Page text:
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Occupational Exposures and Asthma among Nursing Professionals
  1. Ahmed A Arif (aarif{at}uncc.edu)
  1. University of North Carolina at Charlotte, United States
    1. George L Delclos (george.delclos{at}uth.tmc.edu)
    1. The University of Texas School of Public Health, United States
      1. Consol Serra (consol.serra{at}upf.edu)
      1. University Pompeu Fabra, Spain

        Abstract

        Objectives: To identify occupational exposure risk factors associated with development of new-onset asthma after entering the nursing profession.

        Methods: A statewide cross-sectional survey was administered to a representative sample of Texas nurses with active licenses, and compared to three other healthcare professional groups (physicians, respiratory therapists, and occupational therapists). Response rate among nurses was 70%. Nursing professionals were defined based on self-reported longest held job as a registered nurse , nurse practitioner, licensed vocational nurse, or nurse aide. Outcome variables were physician-diagnosed new-onset asthma after entry into the health care profession (‘reported asthma’) and symptoms associated with bronchial hyperresponsiveness (BHR). Occupational exposures were ascertained through an externally developed job-exposure matrix, grouped into four categories: cleaning-related tasks, use of powdered latex gloves, administration of aerosolized medications, and tasks involving adhesive compounds, glues and/or solvents.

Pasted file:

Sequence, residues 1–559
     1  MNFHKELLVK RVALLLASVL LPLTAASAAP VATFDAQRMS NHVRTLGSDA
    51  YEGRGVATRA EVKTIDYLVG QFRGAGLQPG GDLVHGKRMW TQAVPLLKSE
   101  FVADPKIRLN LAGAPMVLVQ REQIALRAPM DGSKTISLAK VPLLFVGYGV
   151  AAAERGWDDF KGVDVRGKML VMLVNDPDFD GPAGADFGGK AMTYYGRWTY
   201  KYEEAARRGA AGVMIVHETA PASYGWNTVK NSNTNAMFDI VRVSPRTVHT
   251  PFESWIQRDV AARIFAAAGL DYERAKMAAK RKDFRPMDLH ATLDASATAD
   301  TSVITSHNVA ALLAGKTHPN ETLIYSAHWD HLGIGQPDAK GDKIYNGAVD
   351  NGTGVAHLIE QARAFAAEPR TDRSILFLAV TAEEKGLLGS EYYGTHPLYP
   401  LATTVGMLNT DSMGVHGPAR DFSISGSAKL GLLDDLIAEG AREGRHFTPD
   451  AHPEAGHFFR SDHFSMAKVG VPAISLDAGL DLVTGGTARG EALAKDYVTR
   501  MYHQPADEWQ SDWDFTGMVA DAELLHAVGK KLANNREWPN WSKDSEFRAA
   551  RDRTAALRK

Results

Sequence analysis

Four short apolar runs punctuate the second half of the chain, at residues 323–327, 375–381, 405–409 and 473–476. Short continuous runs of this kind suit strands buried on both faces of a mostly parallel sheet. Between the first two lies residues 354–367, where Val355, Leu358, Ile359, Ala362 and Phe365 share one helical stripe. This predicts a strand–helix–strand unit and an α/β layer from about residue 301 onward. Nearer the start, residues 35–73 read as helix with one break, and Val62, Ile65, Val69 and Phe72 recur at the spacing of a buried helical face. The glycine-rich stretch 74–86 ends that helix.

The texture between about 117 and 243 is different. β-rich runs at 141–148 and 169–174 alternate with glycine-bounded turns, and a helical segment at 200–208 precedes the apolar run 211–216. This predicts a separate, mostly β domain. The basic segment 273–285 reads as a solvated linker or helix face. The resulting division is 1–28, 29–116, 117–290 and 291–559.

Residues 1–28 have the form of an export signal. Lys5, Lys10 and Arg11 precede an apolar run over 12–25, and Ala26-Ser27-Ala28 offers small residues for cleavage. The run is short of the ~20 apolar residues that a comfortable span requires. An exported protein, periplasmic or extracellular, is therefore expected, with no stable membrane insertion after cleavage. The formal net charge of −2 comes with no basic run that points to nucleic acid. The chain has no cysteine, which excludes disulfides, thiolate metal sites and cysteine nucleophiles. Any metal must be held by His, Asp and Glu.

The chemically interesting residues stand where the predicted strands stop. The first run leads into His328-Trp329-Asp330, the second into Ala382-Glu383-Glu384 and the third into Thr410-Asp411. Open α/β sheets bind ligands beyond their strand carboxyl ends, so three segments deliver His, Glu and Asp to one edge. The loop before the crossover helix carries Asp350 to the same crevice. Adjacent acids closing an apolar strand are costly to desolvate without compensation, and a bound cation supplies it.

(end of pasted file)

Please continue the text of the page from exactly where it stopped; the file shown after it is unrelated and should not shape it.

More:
Results: After adjustment for age, sex, ethnicity, atopy, smoking, body mass index, and seniority, reported asthma was significantly greater among nursing professionals involved in medical instrument cleaning (OR=7.2, 95%CI=1.4-37.2) and exposure to general cleaning products and disinfectants (OR=1.8, 95%CI=1.1-3.1). Use of powdered latex gloves between the years 1992 to 2000 was associated with 1.6 times (95%CI=1.0-2.6) the odds of reported asthma, but not thereafter. In the univariate analysis, exposure to adhesives, glues and/or solvents was associated with a two-fold increase in the odds of reported asthma, but not after adjustment for covariates. Similarly, the odds of BHR-related symptoms were significantly greater among nursing professionals exposed to general cleaning products and disinfectants (OR=1.5, 95%CI=1.1-2.1) and adhesives, glues and/or solvents (OR=1.6, 95%CI=1.1-2.2).

        Conclusion: Among nursing professionals, workplace exposures to cleaning products and disinfectants increase the risk of new-onset asthma.

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